Sixteen (64%) remaining, unretracted studies reported mortality. The pooled estimate of the relative risk of death in patients assigned to receive 6% HES 130/0.4 in these studies was 0.95 (95% confidence interval 0.64–1.42), with no significant heterogeneity (I 2 = 0%, P = 0.73) (Fig. 2). The relative risk of death in patients assigned to receive 6% HES 130/0.4 when the retracted articles were included was 0.92 (95% confidence interval 0.63–1.34, I 2 = 0%, P = 0.95). Subgroup analyses pertaining to type of control fluid and setting (ICU versus other) were not amenable to meta-analysis because of the multitude of comparator fluids and the small number of studies conducted in ICUs.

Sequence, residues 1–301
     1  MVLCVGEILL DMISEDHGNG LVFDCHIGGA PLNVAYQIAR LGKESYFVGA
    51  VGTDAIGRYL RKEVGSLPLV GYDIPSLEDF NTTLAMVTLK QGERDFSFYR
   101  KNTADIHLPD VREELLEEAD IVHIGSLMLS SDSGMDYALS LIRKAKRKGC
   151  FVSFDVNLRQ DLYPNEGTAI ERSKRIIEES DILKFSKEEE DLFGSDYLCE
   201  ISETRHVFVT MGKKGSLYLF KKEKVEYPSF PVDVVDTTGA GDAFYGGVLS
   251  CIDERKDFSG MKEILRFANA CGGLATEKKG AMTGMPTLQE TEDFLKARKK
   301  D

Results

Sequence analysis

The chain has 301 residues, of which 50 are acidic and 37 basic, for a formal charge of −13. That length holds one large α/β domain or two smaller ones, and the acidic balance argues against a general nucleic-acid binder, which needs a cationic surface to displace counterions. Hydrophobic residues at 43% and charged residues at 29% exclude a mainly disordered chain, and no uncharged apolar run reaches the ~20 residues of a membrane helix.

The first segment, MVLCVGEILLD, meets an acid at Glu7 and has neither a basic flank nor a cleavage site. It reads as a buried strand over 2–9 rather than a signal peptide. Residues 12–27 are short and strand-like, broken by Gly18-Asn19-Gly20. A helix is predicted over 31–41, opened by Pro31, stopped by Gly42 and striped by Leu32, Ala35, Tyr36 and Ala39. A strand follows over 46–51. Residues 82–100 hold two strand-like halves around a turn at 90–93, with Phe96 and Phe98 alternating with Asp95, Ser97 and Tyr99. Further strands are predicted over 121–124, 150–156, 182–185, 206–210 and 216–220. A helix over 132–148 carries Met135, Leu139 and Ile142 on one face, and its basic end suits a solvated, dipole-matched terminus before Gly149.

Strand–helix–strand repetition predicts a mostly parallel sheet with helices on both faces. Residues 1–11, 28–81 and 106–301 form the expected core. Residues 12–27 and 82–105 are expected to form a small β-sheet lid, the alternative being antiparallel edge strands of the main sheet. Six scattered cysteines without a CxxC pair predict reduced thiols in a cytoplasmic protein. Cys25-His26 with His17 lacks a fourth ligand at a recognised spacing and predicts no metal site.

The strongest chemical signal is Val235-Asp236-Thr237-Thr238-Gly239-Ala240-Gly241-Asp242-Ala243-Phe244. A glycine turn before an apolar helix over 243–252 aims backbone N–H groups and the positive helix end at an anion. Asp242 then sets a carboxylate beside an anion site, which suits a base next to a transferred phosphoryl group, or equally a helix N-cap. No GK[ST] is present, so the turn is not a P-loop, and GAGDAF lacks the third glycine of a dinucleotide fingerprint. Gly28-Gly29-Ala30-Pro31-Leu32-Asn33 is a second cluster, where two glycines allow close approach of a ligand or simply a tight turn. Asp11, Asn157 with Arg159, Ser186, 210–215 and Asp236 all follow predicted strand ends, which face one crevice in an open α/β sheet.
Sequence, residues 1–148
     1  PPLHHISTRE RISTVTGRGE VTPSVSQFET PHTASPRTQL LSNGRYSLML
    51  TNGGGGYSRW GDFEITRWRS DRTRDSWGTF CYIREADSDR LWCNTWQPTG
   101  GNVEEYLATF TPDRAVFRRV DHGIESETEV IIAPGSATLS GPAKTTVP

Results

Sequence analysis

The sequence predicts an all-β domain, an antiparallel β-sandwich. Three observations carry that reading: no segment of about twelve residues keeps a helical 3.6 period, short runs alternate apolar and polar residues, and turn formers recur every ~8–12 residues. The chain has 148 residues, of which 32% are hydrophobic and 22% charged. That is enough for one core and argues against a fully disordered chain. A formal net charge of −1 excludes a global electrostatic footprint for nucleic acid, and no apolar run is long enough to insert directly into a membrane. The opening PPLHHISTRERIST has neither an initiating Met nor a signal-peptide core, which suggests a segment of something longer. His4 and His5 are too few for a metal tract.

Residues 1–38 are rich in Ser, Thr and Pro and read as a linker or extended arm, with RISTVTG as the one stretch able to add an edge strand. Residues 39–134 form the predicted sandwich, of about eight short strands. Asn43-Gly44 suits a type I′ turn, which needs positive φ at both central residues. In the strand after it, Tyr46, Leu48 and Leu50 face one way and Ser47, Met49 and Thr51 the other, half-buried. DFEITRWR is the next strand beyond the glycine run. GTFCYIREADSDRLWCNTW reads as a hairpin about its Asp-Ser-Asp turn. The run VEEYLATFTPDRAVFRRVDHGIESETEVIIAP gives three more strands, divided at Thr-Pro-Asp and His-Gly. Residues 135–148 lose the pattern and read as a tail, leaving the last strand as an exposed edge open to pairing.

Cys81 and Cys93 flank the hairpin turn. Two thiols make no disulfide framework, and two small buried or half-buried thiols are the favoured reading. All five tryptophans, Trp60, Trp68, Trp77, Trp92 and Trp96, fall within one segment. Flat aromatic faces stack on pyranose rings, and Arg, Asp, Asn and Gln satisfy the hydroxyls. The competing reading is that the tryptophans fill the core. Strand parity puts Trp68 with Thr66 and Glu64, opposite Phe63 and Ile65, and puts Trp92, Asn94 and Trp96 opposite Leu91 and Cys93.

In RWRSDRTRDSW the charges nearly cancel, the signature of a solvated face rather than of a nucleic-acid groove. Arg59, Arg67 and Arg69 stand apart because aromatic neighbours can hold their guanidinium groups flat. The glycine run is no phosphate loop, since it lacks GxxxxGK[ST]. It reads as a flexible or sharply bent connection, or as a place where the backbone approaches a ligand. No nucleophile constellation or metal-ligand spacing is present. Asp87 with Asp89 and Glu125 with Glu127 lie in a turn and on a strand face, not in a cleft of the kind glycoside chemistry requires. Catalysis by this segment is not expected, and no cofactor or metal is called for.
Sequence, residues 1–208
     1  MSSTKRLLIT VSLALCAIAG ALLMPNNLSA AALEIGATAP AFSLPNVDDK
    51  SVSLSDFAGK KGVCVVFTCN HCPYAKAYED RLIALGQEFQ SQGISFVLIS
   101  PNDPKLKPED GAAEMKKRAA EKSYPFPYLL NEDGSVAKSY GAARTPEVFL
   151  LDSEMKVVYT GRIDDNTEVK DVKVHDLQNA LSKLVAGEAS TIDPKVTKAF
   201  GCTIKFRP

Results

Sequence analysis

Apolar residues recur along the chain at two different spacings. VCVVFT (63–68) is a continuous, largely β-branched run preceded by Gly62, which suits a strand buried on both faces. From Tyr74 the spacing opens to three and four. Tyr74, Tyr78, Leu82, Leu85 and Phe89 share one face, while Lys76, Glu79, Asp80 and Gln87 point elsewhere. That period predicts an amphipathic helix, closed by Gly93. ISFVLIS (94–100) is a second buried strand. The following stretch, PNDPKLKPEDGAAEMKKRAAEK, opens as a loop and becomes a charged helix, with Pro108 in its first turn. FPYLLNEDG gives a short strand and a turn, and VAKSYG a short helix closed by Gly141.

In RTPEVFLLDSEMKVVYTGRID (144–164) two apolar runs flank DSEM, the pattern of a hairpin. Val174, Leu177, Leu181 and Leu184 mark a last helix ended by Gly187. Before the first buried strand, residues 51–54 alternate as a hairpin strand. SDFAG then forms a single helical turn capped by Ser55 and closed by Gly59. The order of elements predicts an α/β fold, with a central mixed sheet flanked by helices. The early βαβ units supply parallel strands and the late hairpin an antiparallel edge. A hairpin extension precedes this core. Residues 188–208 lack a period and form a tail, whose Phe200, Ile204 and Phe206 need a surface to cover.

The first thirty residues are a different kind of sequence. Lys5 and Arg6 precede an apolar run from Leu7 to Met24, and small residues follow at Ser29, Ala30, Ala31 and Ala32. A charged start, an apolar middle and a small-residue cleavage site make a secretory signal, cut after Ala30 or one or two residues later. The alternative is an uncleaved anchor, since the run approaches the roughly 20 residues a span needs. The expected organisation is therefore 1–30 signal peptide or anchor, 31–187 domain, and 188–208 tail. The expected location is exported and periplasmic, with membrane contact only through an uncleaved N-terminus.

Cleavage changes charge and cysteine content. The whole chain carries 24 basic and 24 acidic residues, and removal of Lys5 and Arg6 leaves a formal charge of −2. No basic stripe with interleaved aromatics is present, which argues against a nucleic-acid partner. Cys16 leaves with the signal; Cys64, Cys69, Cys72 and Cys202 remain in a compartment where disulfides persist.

The data reporting acute kidney injury and need for RRT are described in Table 3. Five of 9 studies reporting need for RRT have been retracted. There were no data that made the calculation of a RIFLE category possible, and RIFLE criteria were not reported in any studies. There were no studies reporting need for RRT in which 6% HES 130/0.4 was compared with a crystalloid control. Four studies reported 7 RRT events among 238 patients in which 6% HES 130/0.4 was compared with gelatin or colloid. Urine output was reported in 12 studies, of which 5 compared 6% HES 130/0.4 with crystalloid. Tabulation of data relating to acute kidney injury or urine output was not amenable to meta-analysis.